In an experiment with a Geiger detector 164 counts/s are recorded when a point source is placed 8.3 cm from the detector. Knowing that the background count rate is 20 counts/s determine the rate of counts recorded by the Geiger when the source is shifted to a distance of 20.5 cm.

So far what I know is: The total ratio is the difference between the ratio with the radioactive source and the ratio of background counts (without the radioactive source):

$total \,ratio = r = g - b $

where g - ratio with the radioactive source (unit:counts/s) and b - ratio of background counts (unit:counts/s)

The uncertainty associated with the total counting rate is given by: $$\sigma_r=\sqrt{\sigma_g^2+\sigma_b^2}=\sqrt{\frac{G}{t_G^2}+\frac{B}{t_B^2}}=\sqrt{\frac{g}{t_G}+\frac{b}{t_B}}$$

where G - number of counts of radioactive source (unit:counts); B - number of counts of background (without the radioactive source) (unit:counts); $t_G$ is the time of counts of radioactive source; $t_B$ is the time of counts of background.

What is the mathematical expression that allows me to relate the distance to the counts ratios?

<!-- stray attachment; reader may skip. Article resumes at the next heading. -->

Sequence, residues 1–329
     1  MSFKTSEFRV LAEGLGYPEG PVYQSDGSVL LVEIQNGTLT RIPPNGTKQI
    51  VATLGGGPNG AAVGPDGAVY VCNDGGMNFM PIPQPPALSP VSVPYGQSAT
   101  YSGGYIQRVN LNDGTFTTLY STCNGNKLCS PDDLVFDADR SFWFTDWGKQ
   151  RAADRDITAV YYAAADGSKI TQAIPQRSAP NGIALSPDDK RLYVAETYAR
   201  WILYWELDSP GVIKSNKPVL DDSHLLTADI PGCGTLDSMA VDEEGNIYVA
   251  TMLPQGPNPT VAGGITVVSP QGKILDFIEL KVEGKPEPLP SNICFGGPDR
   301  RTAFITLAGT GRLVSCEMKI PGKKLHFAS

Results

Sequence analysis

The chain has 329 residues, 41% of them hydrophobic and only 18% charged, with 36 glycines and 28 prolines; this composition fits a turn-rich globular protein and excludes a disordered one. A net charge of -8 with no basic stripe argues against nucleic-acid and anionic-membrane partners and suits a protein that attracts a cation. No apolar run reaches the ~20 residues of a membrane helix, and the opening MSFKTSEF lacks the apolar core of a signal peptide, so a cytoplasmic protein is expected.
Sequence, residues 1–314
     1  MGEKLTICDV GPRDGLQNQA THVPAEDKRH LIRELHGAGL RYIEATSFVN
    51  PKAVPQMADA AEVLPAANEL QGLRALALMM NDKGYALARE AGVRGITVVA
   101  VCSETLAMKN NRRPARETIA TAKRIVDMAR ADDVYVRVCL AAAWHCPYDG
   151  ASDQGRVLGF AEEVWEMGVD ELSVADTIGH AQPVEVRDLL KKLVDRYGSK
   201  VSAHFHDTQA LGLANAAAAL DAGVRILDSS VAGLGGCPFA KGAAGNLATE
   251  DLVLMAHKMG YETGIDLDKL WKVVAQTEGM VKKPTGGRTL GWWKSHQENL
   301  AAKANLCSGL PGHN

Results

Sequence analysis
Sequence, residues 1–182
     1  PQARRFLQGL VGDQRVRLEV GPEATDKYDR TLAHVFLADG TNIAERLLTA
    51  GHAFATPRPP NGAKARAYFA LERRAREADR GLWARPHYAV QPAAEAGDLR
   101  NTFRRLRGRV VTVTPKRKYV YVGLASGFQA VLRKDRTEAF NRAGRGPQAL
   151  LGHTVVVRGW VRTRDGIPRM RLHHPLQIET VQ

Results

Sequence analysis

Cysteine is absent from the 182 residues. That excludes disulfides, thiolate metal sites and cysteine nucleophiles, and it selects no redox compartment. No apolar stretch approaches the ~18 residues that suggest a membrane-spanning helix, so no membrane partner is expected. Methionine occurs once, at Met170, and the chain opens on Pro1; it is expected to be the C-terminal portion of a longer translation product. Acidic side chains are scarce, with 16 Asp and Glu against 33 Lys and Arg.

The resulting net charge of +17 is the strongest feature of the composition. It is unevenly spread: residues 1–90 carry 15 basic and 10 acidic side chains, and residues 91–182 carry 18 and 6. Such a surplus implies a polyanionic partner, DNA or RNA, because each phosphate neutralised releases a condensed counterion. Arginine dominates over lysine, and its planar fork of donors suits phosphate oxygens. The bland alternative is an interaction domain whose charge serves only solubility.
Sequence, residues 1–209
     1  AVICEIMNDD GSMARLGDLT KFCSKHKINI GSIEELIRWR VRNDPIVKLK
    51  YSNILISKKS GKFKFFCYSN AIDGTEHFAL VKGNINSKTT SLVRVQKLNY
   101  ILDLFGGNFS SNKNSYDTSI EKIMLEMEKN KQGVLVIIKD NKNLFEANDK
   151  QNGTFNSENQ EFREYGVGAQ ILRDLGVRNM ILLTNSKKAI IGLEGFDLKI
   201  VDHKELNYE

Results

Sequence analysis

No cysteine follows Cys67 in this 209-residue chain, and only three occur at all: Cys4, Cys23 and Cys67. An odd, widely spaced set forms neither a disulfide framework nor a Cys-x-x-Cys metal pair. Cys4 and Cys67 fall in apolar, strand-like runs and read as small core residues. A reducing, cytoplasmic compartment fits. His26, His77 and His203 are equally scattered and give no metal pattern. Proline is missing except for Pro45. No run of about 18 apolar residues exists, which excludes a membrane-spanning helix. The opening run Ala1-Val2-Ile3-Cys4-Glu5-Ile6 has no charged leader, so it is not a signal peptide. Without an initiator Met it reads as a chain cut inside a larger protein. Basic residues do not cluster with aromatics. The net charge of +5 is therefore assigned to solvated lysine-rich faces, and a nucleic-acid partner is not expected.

• $\begingroup$ As the Geiger tube moves further from the source it detects a smaller fraction of the particles emitted by the source. It is an example of the inverse square law. $\endgroup$ – Farcher Nov 4 '17 at 6:01
  • $\begingroup$ @Farcher Is my resolution completely correct? $\endgroup$ – Maria Barroso Nov 4 '17 at 13:00

My resolution:

Rate of geiger = 164 counts/s

Rate of background = 20 counts/s

Total rate=Rate of geiger-Rate of background = 164 counts/s - 20 counts/s = 144 counts/s = $\big(\frac{N}{t}\big)_1$

$$\frac{\big(\frac{N}{t}\big)}{A}=\frac{1}{D^2}$$ $$A=\bigg(\frac{N}{t}\bigg)_1\times D_1^2=\bigg(\frac{N}{t}\bigg)_2\times D_2^2$$

$$\bigg(\frac{N}{t}\bigg)_2=\frac{\big(\frac{N}{t}\big)_1\times D_1^2}{D_2^2}=\frac{144 \,counts/s\,\times 8,3^2 \,cm^2}{(20,5)^2\,cm^2}=23,60537775 \,counts/s$$

As in the problem ask the rate of the Geiger counter, then to the result obtained we have to add the background rate, so the final result is given by:

rate of Geiger = 23,60537775 counts/s + 20 counts/s = 43,60537775 counts/s


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